Las Vegas (AFP) - The sleek three-wheeled car looks futuristic, but, as its creator acknowledges, it uses no new technology.
What makes the Elio Motors vehicle unique is its ultra-high fuel economy and an ultra-low price tag: $6,800.
The vehicle, which was on display at the Showstoppers startup showcase on the sidelines of the Consumer Electronics Show in Las Vegas, promises to deliver as much as 84 miles (134 kilometers) per gallon (3.8 liters) of gasoline for highway driving.
It accelerates as quickly as many cars on the road -- to 100 miles per hour in 9.6 seconds, according to the company. Urban fuel economy is estimated at 49 miles per gallon.
Company founder Paul Elio said he came up with the idea because "I got mad about seeing all this wealth leave the country" for imported petroleum.
An engineer by training, Elio began the firm in 2008 and recently took over an abandoned General Motors plant in Louisiana -- one which had been producing the gas-guzzling Hummer.
In order to deliver the best fuel economy, the car has a cockpit wide enough only for the driver, with a passenger seat in the rear. It has two wheels in front and tapers in the rear to a single wheel.
"Front-to-back seating, that's the key to mileage," Elio told AFP.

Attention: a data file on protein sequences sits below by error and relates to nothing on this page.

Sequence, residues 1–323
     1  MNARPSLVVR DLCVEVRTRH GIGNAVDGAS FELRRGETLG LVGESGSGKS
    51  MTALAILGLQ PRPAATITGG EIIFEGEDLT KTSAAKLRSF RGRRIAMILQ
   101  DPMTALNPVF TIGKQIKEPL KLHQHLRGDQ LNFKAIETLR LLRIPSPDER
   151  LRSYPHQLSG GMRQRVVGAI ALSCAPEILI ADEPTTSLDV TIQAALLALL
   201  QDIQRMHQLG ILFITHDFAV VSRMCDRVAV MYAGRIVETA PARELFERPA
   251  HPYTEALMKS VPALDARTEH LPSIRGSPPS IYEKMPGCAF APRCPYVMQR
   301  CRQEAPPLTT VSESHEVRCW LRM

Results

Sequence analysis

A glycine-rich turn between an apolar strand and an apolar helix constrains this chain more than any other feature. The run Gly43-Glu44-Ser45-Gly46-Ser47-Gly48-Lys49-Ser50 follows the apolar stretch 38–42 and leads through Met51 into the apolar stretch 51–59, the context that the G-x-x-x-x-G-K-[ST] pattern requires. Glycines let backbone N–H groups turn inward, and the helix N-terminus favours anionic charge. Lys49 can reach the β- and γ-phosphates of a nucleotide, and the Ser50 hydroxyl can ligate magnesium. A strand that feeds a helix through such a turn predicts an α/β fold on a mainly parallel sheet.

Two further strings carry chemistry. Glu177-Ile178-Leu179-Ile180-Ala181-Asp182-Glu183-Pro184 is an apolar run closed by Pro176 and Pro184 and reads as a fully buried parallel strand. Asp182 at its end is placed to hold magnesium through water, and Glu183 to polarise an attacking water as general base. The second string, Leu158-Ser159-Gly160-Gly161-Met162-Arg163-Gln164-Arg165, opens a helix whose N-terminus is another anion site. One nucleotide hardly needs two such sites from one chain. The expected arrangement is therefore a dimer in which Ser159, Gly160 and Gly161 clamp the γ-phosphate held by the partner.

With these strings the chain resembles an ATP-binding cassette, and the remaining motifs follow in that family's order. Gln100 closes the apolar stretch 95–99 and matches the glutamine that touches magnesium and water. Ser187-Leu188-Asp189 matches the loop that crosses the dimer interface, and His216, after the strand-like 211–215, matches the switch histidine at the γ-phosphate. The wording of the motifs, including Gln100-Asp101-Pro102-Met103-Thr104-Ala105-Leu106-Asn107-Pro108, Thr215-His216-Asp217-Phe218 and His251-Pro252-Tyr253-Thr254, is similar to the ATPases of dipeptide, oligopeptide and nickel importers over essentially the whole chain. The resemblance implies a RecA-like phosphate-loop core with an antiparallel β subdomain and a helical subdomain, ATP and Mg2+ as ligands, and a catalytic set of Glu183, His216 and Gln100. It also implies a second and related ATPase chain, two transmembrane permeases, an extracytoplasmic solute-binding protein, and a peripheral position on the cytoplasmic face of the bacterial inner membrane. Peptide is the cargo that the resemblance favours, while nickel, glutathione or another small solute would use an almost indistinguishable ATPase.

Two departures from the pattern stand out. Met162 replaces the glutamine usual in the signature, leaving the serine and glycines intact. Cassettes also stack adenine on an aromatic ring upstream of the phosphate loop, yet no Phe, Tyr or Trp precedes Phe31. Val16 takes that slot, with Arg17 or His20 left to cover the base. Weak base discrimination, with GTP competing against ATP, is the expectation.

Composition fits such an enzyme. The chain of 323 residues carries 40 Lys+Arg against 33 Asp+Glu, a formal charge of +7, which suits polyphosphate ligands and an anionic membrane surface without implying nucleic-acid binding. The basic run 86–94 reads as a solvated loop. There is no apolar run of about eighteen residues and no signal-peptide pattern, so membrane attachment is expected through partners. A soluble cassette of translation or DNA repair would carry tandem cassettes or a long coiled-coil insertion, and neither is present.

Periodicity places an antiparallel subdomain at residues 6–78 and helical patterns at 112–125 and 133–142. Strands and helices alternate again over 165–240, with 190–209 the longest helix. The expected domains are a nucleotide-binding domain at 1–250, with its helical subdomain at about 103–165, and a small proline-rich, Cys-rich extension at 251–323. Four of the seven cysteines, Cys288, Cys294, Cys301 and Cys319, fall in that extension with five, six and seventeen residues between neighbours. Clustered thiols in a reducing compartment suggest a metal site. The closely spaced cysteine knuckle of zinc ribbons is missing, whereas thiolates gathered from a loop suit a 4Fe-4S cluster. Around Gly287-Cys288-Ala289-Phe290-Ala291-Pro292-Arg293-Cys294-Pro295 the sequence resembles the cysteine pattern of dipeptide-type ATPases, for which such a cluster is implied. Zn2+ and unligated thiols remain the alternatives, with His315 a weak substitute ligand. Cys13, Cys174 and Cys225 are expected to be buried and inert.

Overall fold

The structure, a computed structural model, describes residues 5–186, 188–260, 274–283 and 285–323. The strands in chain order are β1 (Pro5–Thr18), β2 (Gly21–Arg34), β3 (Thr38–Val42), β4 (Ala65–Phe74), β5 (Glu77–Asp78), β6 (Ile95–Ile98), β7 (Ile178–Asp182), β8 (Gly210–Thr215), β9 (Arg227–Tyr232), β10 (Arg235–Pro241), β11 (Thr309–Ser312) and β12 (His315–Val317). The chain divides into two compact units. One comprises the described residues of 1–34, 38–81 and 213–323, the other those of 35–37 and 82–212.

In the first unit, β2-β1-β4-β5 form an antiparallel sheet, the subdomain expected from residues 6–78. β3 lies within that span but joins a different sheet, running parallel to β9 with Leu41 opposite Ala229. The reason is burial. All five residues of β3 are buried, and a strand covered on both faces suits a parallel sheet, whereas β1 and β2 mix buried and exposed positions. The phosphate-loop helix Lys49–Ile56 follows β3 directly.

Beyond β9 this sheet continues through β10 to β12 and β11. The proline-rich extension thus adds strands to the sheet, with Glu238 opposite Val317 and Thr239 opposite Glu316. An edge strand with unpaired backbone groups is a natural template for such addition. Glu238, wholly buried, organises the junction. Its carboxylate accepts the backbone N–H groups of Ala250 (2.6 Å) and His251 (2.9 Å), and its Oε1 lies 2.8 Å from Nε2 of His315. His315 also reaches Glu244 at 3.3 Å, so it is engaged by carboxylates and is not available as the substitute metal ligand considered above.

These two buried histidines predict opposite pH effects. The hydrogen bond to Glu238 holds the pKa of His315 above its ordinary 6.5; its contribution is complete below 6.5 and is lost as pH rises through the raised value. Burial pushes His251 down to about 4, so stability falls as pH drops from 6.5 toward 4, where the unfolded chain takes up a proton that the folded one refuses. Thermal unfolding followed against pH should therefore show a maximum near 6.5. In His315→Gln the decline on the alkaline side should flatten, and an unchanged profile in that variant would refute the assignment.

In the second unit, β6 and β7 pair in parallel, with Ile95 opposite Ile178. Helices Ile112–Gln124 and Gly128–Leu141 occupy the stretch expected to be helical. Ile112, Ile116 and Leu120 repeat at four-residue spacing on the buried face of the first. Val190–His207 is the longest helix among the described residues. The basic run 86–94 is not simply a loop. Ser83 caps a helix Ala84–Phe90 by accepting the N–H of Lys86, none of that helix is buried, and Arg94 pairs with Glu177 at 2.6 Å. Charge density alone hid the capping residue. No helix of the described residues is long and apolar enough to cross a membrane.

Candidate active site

This makes it principally a one-person car, but Elio said the vehicle is a good solution for the millions who drive along to work or leisure events.
Elio readily admits there is no special technology in the car -- it has a three-cylinder internal combustion gasoline engine, power windows, air conditioning and anti-lock brakes. While it does not have some of the on-board electronic gadgety found in other vehicles, drivers can connect their smartphones for navigation, apps and more.
"This was a design completely based on existing engineering," says company spokesman Jim Andrews.
The car has a top crash-impact rating from the National Highway Transportation Safety Board, and is expected to meet all US safety standards.
Elio is targeting the US market but hopes to eventually ship internationally.
He has more than 6,000 orders from customers who have paid a deposit, and hopes to start delivering in the first quarter of 2015.
He also plans to speak with major automakers, including Chrysler, about possible partnerships.
It's not clear how much of an impact the Elio vehicle will have, but it comes after a sizzling debut for another startup carmaker, Tesla, which sells a $70,000 electric car.
Other three-wheelers may be in the words as well: a three-wheel concept car from Toyota was on display at the huge electronics exhibition.
Elio said he is encouraged by the response to the car.
"We didn't design it to be cool," he said. "It was cool by accident."